Matthew McConaughey once said that sometimes you need to go back to move forward. The team at DICE must have been very moved by that sentiment. Taking it to heart and pushing the Battlefield series nearly 100 years back into World War I for this year’s release of Battlefield 1 was a gamble. It has largely paid off.
The Battlefield first-person shooter series has incrementally embraced modern warfare and its technology ever since 2005's Battlefield 2. Only smaller projects like Battlefield Vietnam explored the series’ potential for diverse historical settings. By 2013's Battlefield 4, players may have been exhausted with all the attack choppers, AK-47s, and Abrams tanks. Suffused in the same military fetishization gleefully exhibited by its rival series, Call of Duty, Battlefield was wasting away.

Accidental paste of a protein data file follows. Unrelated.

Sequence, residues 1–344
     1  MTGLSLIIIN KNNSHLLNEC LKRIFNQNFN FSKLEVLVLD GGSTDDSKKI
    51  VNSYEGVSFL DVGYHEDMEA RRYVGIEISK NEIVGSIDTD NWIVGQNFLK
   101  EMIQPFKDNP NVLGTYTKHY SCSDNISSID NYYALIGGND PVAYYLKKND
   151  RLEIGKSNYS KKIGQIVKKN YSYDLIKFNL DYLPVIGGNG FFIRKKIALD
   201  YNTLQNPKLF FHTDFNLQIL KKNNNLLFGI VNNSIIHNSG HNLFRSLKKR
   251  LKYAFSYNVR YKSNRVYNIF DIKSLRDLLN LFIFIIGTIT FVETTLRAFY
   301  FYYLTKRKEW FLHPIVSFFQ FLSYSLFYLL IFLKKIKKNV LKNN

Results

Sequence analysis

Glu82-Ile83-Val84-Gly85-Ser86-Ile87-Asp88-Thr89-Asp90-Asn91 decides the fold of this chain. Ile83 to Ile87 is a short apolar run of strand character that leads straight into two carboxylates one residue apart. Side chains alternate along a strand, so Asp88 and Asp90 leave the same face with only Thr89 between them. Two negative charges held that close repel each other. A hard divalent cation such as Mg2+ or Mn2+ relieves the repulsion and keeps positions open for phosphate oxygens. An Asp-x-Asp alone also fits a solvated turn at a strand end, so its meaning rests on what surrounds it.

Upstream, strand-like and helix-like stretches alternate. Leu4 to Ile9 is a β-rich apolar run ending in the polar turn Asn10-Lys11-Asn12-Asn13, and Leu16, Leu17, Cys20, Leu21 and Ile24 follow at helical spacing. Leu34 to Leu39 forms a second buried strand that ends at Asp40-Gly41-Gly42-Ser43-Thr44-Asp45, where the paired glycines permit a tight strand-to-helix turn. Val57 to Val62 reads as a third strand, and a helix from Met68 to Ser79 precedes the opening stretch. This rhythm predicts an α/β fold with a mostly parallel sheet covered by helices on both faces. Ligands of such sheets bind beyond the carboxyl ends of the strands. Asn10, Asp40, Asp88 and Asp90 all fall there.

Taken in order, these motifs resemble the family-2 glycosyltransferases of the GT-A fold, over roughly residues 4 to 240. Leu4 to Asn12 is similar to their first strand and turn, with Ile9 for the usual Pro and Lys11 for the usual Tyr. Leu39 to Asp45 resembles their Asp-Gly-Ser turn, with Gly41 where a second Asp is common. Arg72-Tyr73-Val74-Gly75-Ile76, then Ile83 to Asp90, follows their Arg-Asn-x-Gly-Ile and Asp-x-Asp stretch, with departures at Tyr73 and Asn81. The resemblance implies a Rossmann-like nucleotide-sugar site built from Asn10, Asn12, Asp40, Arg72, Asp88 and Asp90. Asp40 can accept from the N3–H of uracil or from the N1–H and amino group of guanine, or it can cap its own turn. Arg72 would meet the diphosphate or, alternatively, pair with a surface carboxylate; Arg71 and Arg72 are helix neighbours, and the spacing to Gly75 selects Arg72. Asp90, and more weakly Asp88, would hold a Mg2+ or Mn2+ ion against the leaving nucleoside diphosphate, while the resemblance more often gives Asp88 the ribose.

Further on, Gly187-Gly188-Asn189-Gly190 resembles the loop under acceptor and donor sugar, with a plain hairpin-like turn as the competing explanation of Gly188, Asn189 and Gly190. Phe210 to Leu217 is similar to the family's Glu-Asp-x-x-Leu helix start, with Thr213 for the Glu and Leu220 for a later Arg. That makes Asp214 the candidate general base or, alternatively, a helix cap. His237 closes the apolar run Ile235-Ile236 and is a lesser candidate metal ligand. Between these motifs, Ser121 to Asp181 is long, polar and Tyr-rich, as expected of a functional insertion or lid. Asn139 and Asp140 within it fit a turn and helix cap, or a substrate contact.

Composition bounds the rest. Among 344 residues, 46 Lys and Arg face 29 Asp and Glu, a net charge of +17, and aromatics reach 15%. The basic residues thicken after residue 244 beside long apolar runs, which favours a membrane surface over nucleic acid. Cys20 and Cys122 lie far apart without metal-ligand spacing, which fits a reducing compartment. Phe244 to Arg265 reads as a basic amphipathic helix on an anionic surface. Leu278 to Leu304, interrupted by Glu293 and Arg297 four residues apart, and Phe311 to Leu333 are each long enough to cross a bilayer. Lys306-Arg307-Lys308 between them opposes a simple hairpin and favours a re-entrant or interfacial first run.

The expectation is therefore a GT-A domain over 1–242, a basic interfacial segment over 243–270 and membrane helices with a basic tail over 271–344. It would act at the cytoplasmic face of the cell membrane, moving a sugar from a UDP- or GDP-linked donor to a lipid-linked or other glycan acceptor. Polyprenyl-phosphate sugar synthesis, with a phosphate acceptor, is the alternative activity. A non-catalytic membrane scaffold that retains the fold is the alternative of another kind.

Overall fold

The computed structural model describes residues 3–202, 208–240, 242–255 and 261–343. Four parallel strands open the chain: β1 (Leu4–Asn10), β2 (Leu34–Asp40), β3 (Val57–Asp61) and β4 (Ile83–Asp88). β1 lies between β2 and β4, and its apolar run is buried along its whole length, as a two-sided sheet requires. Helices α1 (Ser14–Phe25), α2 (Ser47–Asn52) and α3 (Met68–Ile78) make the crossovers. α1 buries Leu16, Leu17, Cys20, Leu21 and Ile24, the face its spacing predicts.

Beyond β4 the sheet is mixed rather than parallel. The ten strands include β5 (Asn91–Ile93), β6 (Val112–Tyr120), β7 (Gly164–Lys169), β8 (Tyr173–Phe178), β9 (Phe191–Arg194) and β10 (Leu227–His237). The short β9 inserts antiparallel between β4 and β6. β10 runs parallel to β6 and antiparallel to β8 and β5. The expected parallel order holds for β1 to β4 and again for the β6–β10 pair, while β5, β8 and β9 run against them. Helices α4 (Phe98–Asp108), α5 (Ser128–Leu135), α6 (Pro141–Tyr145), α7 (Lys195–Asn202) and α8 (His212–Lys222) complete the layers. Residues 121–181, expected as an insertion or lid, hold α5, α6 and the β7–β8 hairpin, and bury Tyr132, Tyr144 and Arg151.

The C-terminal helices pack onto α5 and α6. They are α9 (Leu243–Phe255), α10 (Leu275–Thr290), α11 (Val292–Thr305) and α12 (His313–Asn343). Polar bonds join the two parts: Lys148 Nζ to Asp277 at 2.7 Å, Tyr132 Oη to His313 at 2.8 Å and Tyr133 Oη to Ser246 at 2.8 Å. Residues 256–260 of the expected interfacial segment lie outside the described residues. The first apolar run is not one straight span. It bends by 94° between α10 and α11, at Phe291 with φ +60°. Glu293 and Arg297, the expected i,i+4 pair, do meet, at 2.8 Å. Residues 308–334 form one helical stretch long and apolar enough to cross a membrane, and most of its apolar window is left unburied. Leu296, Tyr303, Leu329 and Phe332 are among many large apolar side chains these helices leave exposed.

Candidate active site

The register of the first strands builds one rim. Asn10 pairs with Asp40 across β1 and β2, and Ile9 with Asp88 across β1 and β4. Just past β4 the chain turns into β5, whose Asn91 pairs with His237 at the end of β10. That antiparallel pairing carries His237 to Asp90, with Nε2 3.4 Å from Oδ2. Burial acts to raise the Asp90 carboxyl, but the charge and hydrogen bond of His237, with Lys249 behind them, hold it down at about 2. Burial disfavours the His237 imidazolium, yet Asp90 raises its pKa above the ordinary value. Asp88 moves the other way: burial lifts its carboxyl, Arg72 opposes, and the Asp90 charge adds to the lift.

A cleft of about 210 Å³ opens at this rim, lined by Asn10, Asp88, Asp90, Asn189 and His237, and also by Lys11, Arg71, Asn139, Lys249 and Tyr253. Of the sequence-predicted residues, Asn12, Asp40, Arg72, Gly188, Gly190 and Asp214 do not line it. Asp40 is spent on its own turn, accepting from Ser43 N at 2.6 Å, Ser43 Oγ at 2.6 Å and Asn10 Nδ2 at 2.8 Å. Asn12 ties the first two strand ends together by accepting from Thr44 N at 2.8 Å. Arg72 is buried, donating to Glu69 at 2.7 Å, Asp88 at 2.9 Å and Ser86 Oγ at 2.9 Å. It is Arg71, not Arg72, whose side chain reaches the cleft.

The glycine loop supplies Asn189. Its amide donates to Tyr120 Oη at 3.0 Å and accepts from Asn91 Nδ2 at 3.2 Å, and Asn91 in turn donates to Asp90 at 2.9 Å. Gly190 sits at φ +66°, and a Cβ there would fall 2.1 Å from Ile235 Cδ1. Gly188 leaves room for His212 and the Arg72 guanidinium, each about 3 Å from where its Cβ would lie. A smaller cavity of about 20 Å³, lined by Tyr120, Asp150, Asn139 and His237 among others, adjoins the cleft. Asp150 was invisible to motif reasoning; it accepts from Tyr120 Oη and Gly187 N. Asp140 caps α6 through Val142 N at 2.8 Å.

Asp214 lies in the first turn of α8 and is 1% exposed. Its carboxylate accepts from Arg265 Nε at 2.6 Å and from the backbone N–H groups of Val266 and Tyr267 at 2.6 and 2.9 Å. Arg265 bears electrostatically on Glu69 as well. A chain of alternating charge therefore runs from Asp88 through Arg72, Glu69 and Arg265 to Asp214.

Battlefield 1 reinvents the tone of the series, retaining the awesome turbulence of war while emphasizing a human element. The game shows the storming of the beaches at Gallipoli but also takes time to have a young soldier vomit with dread as he observes the mass of dead bodies. Battlefield 1 maintains an impressive balance between emotion and spectacle. All the better for a series that was starting to feel a bit too clinical.